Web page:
June 20, 2006


Immigrants from India spread business success to homeland (Edward Iwata, 6/20/06, USA TODAY)

Bhatia and many thousands of Indian immigrants with strong ties to the USA and India are storming back to their ancestral homeland to cultivate business and cut deals. With 1 billion people, a rising wave of consumers and annual economic growth of 8% since 2004, India is the world's most promising economy after China.

Indian engineers, executives and investors are launching start-ups in business services, telecommunications, computers and software, manufacturing and other sectors. They're paving the way for research and development centers. They're encouraging foreign investment and pressing the Indian government to continue opening their markets to the world.

"Brick by brick, we are building an 8,000-mile bridge between the U.S. and India," says Navneet Chugh, an attorney and founder of the Chugh Firm in Los Angeles. He has strong business and charity ties to India.

The business growth between the two countries is gratifying to Chugh, who immigrated to Los Angeles 25 years ago and earned an MBA from the University of Southern California before starting his law firm.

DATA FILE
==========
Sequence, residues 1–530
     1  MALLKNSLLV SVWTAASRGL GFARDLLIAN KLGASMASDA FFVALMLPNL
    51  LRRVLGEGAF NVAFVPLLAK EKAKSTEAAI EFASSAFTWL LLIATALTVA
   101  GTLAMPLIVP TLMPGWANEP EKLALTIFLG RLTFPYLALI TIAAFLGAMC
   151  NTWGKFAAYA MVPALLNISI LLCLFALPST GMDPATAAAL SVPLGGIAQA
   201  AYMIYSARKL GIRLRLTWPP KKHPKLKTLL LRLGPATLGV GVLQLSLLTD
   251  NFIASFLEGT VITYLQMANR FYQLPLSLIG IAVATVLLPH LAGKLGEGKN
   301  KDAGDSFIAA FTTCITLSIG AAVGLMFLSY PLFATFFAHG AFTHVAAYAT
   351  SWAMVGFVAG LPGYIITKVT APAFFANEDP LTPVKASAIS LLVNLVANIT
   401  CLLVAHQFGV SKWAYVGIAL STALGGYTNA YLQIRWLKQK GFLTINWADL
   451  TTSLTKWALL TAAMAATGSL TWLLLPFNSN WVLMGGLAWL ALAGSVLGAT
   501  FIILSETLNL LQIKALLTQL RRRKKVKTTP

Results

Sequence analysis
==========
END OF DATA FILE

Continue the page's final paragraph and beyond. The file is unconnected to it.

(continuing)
Chugh grew up in a middle-class neighborhood of Nagpur, India, where his parents' home overlooked a huge, smoke-covered shantytown. The shantytown had no gas or electricity, and its 100,000 people lived in dwellings made of rusty tin and dried cow dung.

If India's economy grows 10% a year for several years, Chugh says, it will strengthen trade and investments between India and the USA while lifting millions of Indians out of poverty. Chugh also is a trustee of the American India Foundation, which donates millions of dollars a year to charities in India.

"India is booming with cross-cultural development," says Chugh, who lives in the Los Angeles suburb of Cerritos with his wife and two kids. "Indians and white business people are bringing their cultures and creativity together."

The stronger U.S.-India business connection is also evident in venture capital. When high-tech banker Ash Lilani took U.S. investors on their first trip to Bangalore in 2003, barely a handful of U.S. venture firms were funding Indian start-ups. Many investors held stereotypes of India as a home for cheap labor, outsourcing and call centers.

Once on the ground, though, the U.S. investors realized that India was a business gold mine. The country boasted top engineering and managerial talent, an English-speaking workforce and a British-style legal and regulatory system.

Which is why it's more promising than China.

Posted by Orrin Judd at June 20, 2006 8:32 AM

. . . . its 100,000 people lived in dwellings made of rusty tin and dried cow dung.